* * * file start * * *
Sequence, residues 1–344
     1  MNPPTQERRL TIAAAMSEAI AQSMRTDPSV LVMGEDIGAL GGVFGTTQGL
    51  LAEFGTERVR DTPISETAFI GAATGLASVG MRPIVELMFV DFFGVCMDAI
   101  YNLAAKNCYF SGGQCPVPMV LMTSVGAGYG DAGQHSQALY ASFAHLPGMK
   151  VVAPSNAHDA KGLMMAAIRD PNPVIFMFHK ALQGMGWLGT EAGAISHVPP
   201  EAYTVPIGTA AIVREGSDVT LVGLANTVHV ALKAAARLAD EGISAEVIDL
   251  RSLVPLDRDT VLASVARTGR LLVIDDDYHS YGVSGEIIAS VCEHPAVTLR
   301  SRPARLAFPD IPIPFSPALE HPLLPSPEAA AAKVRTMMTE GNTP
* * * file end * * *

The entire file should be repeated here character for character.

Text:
Sequence, residues 1–344
     1  MNPPTQERRL TIAAAMSEAI AQSMRTDPSV LVMGEDIGAL GGVFGTTQGL
    51  LAEFGTERVR DTPISETAFI GAATGLASVG MRPIVELMFV DFFGVCMDAI
   101  YNLAAKNCYF SGGQCPVPMV LMTSVGAGYG DAGQHSQALY ASFAHLPGMK
   151  VVAPSNAHDA KGLMMAAIRD PNPVIFMFHK ALQGMGWLGT EAGAISHVPP
   201  EAYTVPIGTA AIVREGSDVT LVGLANTVHV ALKAAARLAD EGISAEVIDL
   251  RSLVPLDRDT VLASVARTGR LLVIDDDYHS YGVSGEIIAS VCEHPAVTLR
   301  SRPARLAFPD IPIPFSPALE HPLLPSPEAA AAKVRTMMTE GNTP